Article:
(Mr Timms) I certainly did not see any banners saying "Harmonise Fuel Duties". The process in the EU that we have of course supported has been the development of the draft energy products directive, which would raise the minimum levels of duty which are applied to energy products. That is a process we have supported and supported for quite a long time. Some other members of the European Union take a rather different view to us and my impression is that that process is somewhat stalled at the moment. Certainly it would be helpful from a UK point of view and the point of view of lots of other countries as well, if there could be some progress in achieving a directive.

  53. What about the fuel protestors? Were they actually arguing for fuel harmonisation, whatever they may have called it? They may have called it a level playing field but that is another phrase for the same point.
  (Mr Timms) I am not sure what you mean. Certainly lots of people in the fuel protest, the hauliers in particular, were raising the fact that fuel cost less in other countries than it does in the UK. I do not think they would have expressed their demand in terms of harmonisation of fuel duties but the essential point you were making was certainly raised frequently nevertheless.

Joan Walley

  54. Earlier on in answer to Mr Chaytor you did say that when you were looking at the prospect of abandoning the fuel duty escalator you took account of social and environmental factors. Given that this Committee has really stressed the importance of environmental appraisal, I should be really interested to know what environmental appraisal you have carried out of the impacts of the new package of duty/VED measures which do not any longer include the fuel duty escalator.
  (Mr Timms) The measures we formally announced in the PBR are reflected in Table 6.2 in the PBR documentation and that sets out what our assessment is of the environmental impact of those measures. Those measures we are consulting on at the moment with a view to introducing in the budget we will set out there in the budget documentation what our assessment of the environmental impact, of the overall package, is. To the extent that measures have already been announced to be implemented, we have presented those, but there will be further information at the time of the budget.

  55. What confidence do you have about the environmental appraisal methodology that you are actually using?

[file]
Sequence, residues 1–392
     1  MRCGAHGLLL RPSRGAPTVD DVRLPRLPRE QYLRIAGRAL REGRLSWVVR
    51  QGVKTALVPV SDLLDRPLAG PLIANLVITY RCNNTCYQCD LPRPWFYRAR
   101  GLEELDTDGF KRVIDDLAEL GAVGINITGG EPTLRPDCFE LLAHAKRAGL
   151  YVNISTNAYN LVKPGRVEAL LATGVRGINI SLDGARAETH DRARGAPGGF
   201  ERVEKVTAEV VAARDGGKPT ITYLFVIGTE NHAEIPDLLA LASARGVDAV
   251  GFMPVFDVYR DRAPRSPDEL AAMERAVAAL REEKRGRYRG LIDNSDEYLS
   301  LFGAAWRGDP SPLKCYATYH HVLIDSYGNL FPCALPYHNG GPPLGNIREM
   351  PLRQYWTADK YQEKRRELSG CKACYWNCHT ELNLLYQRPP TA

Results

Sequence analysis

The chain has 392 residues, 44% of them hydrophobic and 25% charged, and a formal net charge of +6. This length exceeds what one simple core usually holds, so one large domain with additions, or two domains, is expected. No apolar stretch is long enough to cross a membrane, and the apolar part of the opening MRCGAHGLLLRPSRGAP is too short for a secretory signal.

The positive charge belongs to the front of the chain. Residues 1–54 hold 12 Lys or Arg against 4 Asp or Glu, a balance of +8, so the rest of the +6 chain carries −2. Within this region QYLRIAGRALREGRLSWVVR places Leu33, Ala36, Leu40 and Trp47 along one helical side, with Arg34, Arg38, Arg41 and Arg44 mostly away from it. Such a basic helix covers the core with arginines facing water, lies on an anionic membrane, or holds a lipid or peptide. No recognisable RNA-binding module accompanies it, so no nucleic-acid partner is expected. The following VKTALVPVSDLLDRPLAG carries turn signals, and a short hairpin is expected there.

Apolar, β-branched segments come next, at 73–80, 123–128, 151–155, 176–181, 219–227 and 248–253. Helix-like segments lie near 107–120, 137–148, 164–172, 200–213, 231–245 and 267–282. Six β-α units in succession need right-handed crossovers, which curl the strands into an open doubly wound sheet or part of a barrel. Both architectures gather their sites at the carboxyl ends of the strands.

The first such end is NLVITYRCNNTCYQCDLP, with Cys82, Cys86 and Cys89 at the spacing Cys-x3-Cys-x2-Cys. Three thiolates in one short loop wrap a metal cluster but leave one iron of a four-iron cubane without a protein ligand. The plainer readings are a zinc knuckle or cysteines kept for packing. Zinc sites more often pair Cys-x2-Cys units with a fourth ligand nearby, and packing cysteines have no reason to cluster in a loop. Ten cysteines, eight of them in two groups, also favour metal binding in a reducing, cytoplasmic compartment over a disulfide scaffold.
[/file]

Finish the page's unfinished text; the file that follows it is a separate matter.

(Mr Timms) It is as good as you can get. There is some uncertainty in these matters and we are still learning as we go along. It is an exercise which we take seriously and I think the assessment we have made is as good as one can hope for, given the state of the art.

  56. All the detail on that has been made available to this Committee has it?
  (Mr Timms) Certainly the data in Table 6.2 is available. If you would like further information, that request will be made.

  57. In terms of the analysis of air quality benefits delivered relative to other emission reduction policies, what assessment has been made of air quality benefits in respect of the measures which are now proposed in the Pre-Budget Report?
  (Mr Timms) There are several measures which are intended to address air quality and I particularly point you to the way that diesel engines are being treated compared with petrol engines because there is a significantly greater local air pollution problem with diesel engines than there is with petrol. The surcharge for diesel is being waived in the case of diesel engines which meet the Euro 4 standard, precisely because the problems have effectively been resolved with that new technology. So there are several measures in the package which address that. Table 6.2 is on page 139 of the Pre-Budget Report. There are several references there to impacts.

  58. My concern really is with the quality of the analysis and the quality of the environmental appraisal, not just in respect of air quality but in respect for example of CO2 emissions as well. If we are going to have a full environmental appraisal I should have thought that we really want to have an analysis which looked at option one, option two, option three and which looked at the effect for example on air quality, perhaps increased amounts of emissions which could contribute to global warming. To my mind if that analysis is really going to be the quality analysis which I would have thought the Treasury would want, I should also want to see some reference to the kind of issues perhaps raised by Greenpeace in respect of renewable energy and green fuels, so that you took all the options into the equation rather than perhaps just came out with one aspect of it, so that you looked at it as a whole and on the strength of that analysis could then really do a genuine environmental appraisal. How much has that kind of entire environmental appraisal been taken on board by the Treasury and do you or do you not have the tools to do that? If you have not, where might you go to find them?
  (Mr Timms) On each occasion I have spoken to the Committee you have spent some time on Table 6.2 and its equivalent in previous publications so I hope the Committee will feel that what we now present is significantly improved on where we started. Certainly it has changed significantly and contains a good deal more information now than it did when we started and that is not least because of the points which have been made by this Committee. The aim of this documentation is to set out the impact of the measures which have been announced in the Pre-Budget Report. It is not to set out a range of alternative scenarios. That would be a rather different kind of exercise.

  Chairman: Should you not be doing that?

Joan Walley

  59. If you had your own environmental appraisal, would that not be the way to go forward? I appreciate that we are in early days in terms of environmental appraisals and perhaps we are having to wait a long time before it gets to the Treasury in its entirety, but should we not really be doing that, not just looking at the effects of one change or adaptation to policy but really looking at the options and making an environmentally based decision which looks at all the different impacts on the environments of every single kind? Should the Treasury not be doing that?
  (Mr Timms) Across government certainly large parts of that are being done but in rather different exercises to the Pre-Budget Report.